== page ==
Hmm.  Writing just now again, I am not sure at all what day it really is, or what “really is” means in this context.  I guess it is Friday here where we are, and where are we then?   On these trips, it’s hurry, do nothing, hurry, do nothing;  there are lots of pieces to everything we have to do, and we float in a confusion of time and barely-perceptible structure.  Things are done at what seem to be odd times, everything is scrambled, and what time is it, really, and what does that mean?  I keep my watch on home time as always, to center me and connect me even if tenuously.

We talked a lot about time yesterday.  When you are on these trips, time buckles, attenuates to almost nothing if not nothing, nothing apparent or anything you can really enter.  It slips and slides and then embraces you fiercely and crunches at you as you hurry and hurry and show papers and get in line or whatever.  Or it compresses or oozes, and all you can do is sit in it, and wait. 

We lay in our white and green room for a while, quietly.  We went into the little eating place with its few tables and its view of the houses below, plumes of smoke rising from them here and there.  We ordered vegetarian sandwiches, and before they came it was noon, and we heard the call to prayer on the radio nearby and from invisible towers at a distance.  Since there are Hindu shrines everywhere, and we were told in no uncertain terms that Bali isn’t Hindu, we are perfectly happy with topless people on the beach, they told us, not like those very religious people in Java—anyhow, when I asked our small smiling waitress what I was hearing, she explained it was a Bali holiday.  Perhaps meaning holy day.  I said, Is it religious?  Yes! she said, relieved that I understood and had a word for it that she understood, too. 

We ate our sandwiches and in the room again I made a little picture of the green silk spread by the blue pool in front of the orange tiles.

While John settled the bill, I stood in the open entryway by the little dirt road.  Across the road were the cows, and some chickens in the driveway of the hotel.  I went a little out in to the street, and looked into the field.  There under a tree, like the cows sensible in the heat, was a woman.  We looked at each other, staring, and waved small waves to each other.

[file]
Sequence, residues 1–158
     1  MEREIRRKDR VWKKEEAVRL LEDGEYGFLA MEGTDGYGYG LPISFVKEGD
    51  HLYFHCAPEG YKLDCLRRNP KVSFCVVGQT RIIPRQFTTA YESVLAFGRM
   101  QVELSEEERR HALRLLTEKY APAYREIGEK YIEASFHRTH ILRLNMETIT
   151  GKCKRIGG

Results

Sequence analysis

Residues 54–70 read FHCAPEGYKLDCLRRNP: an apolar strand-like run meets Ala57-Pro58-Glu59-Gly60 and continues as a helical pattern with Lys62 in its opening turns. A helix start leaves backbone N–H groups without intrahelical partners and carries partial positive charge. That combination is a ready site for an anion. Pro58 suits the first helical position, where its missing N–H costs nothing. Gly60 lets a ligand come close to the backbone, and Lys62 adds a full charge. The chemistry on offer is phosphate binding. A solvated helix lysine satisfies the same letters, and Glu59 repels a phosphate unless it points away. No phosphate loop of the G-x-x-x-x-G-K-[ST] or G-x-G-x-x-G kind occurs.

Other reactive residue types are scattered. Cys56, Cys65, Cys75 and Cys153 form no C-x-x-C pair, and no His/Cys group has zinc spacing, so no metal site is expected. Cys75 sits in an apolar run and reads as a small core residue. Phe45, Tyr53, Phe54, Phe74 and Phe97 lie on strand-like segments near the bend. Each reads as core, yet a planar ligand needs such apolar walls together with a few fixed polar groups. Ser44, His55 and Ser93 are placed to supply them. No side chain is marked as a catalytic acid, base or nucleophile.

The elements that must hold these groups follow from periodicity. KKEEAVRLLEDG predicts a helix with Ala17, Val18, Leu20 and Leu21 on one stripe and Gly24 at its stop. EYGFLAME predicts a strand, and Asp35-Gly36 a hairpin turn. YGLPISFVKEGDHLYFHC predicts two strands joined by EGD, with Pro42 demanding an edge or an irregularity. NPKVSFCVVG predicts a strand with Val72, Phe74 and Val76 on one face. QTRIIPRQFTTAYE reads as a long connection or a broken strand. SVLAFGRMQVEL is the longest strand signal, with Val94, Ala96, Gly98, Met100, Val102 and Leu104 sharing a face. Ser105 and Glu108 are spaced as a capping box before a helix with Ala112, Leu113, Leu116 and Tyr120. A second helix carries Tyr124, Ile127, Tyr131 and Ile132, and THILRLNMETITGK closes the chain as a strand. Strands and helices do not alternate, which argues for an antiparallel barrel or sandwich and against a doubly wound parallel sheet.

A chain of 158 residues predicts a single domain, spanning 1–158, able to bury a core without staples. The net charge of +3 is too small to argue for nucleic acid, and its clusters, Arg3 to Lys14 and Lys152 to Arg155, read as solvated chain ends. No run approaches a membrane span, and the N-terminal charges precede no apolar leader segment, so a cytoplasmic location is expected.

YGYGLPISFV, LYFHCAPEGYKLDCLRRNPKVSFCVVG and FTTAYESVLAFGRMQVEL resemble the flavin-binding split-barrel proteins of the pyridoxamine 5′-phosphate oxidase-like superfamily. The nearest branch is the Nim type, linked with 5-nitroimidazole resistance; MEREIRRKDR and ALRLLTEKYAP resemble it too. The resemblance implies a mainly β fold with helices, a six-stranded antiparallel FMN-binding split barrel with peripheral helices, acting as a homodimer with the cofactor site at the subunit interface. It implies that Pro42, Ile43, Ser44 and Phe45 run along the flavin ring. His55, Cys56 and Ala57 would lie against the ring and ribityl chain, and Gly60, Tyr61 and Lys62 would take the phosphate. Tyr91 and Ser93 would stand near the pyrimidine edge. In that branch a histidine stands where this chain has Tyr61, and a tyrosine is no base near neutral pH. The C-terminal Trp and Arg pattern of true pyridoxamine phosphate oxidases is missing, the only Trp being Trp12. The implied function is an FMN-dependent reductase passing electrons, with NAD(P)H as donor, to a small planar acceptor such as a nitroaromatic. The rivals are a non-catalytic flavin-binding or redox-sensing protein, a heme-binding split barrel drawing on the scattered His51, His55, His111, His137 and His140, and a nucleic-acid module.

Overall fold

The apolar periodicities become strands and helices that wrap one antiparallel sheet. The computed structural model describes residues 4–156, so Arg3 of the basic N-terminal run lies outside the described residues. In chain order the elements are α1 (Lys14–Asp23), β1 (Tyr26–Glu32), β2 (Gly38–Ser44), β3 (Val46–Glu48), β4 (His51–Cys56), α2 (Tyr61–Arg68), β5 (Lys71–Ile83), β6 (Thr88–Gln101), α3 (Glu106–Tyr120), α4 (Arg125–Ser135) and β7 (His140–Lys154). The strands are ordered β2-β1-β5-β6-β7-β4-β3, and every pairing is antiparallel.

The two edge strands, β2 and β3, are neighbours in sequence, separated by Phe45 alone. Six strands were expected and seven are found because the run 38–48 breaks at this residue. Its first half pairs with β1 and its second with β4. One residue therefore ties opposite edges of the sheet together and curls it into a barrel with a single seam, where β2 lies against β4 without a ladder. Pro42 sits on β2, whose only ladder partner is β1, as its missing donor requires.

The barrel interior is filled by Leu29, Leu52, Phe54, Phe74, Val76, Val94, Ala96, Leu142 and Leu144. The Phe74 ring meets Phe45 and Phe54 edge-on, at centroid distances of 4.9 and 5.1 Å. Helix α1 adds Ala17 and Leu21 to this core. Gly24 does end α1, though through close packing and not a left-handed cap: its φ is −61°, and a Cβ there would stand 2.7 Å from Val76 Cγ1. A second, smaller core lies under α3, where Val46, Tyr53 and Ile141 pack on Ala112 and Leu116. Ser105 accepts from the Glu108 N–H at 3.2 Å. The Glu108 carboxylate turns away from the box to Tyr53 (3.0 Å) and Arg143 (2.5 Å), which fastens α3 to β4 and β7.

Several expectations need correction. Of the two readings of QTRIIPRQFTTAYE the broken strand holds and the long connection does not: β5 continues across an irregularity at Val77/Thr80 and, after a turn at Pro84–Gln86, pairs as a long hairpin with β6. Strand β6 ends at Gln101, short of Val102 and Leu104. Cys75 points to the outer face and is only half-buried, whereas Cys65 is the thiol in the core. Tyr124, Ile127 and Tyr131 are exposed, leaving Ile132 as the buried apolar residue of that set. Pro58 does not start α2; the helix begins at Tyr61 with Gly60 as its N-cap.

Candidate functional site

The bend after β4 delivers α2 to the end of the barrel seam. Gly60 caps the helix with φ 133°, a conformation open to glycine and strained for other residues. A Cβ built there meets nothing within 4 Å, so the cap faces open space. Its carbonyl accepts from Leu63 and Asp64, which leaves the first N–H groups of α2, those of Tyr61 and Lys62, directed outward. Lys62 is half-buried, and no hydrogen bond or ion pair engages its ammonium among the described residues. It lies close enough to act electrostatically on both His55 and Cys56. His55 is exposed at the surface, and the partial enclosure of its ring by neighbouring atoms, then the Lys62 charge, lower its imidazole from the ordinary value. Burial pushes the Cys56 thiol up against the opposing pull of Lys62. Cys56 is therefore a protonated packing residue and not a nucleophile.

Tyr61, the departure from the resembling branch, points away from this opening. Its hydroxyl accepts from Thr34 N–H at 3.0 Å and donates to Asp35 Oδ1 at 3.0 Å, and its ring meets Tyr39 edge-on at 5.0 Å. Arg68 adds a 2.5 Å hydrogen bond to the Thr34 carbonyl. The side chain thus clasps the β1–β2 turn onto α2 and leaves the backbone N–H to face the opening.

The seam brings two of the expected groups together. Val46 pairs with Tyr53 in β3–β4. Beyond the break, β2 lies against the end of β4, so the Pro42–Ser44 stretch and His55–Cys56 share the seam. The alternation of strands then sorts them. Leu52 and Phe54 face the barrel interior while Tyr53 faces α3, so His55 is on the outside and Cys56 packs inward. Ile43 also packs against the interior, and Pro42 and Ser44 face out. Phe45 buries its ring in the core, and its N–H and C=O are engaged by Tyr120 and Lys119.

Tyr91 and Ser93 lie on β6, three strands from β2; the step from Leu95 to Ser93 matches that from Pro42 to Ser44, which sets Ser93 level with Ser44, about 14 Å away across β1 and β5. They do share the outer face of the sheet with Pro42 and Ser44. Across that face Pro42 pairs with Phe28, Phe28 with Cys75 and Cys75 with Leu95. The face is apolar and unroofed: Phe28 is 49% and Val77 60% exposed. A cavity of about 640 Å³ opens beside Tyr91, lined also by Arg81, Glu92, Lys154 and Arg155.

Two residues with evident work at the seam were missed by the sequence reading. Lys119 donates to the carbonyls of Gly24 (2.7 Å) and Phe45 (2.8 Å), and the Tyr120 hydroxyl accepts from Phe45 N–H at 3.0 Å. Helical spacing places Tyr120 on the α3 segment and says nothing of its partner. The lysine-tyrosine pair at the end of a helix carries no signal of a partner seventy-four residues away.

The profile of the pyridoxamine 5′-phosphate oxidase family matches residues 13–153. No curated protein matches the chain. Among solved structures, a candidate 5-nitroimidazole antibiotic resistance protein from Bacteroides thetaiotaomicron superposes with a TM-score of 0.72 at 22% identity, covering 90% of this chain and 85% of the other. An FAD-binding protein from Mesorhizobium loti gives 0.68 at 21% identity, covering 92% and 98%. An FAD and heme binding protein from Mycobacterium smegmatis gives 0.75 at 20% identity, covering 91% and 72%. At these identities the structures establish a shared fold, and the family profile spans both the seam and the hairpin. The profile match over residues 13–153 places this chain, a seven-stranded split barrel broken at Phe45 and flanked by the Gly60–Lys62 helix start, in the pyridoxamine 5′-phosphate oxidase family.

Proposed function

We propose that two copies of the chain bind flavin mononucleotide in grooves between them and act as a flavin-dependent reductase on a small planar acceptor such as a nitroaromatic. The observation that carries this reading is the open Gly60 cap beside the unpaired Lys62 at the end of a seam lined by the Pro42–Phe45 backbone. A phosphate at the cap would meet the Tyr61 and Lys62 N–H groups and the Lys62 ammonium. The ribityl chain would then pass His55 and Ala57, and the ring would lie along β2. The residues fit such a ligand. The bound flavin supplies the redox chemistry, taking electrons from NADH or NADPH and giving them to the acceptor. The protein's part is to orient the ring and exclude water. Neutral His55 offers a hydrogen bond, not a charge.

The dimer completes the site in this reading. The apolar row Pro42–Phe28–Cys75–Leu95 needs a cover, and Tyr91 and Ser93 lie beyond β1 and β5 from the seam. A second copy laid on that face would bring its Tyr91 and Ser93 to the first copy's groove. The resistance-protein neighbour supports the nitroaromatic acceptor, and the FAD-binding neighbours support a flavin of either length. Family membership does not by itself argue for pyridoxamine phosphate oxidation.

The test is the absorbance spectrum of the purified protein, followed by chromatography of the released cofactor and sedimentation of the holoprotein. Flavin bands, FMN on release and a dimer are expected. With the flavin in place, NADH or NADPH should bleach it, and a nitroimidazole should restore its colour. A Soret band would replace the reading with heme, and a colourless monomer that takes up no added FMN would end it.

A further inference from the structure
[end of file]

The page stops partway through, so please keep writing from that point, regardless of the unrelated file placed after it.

The hotel driver took us on a wild drive to the boat terminal.  The streets are turbulent rivers of vehicles, all apparently knowing what they are doing but not so much to a western eye.  Our driver drove smack on the midline, often with a truck to one side and sandwiched between motorbikes.  I suppose there are rules but I do not know what they might be. 

There was a striped orange feral decidedly male cat skulking about at the terminal yesterday, and I took his picture, to add to my future slide show, Cats of the World.

We have gotten on this ship, called Orion, with 96 other passengers  (one couple, only, did not make it from the storm, out of Pennsylvania).  I am not feeling very happy.  I so hated being wrenched from that lovely place, with its piercing blue water and emerald silk and orange tiles, and the high white ceiling, and the suspended time.

So here on the boat or ship.  I am behaving badly as always in these situations.  I loathe meeting “my fellow passengers.”   John, the one who hates socializing, is delightful with people, while I sit and sulk and try to be invisible.  I was really at my worst  (I am actually writing at 5 am the next morning and I have been awake for hours and so decided just to get up, and it is still half an hour to coffee.)  I took some pictures as we sailed away from Benoa Harbor.  The channel is so narrow that on either side were people standing in the water only up to their knees or thighs, fishing, as we went by.  

The dinner hour, or hours, were terrible.  A torture of shrieking voices and slow service.  The woman to my left cawed at me, ‘SO WHAT DID YOU DO WITH YOURSELF WHILE HE WAS DOING TRANSPORTATION?”  I thought I would scream.  Education, I muttered.  Period.  Oh, she cackles,  WHAT AGE??  Trying desperately to make conversation with this sullen woman to her right.  All ages, all subjects, I said shortly, and turned away, a masterpiece of rudeness.  She offered that she had been a teacher and added,  YOU’RE ALWAYS A TEACHER AREN’T YOU.  I nodded.  End of story.

Finally after having a few vegetables and some very good soup, deafened, beat up, I left.

There was a long briefing by various people.  Too much to take in.  One of the guides who apparently works on the ship said Oh he would stir up some controversy, and cluelessly asked us to indicate by a show of hands who among us were  Republicans or Democrats.  Actually there were a few Republicans, but we others cheered loudly.  Still, it was grossly inappropriate and even John thought so, he who is usually so tolerant.  

The kid is an Australian and I guess he doesn’t get it how intense this election is, and how high the feelings, and how very rude it is considered in America to discuss politics with people you do not know.  I will tell him today.  The election is in four days.

The sun is rising.  I’ll go out.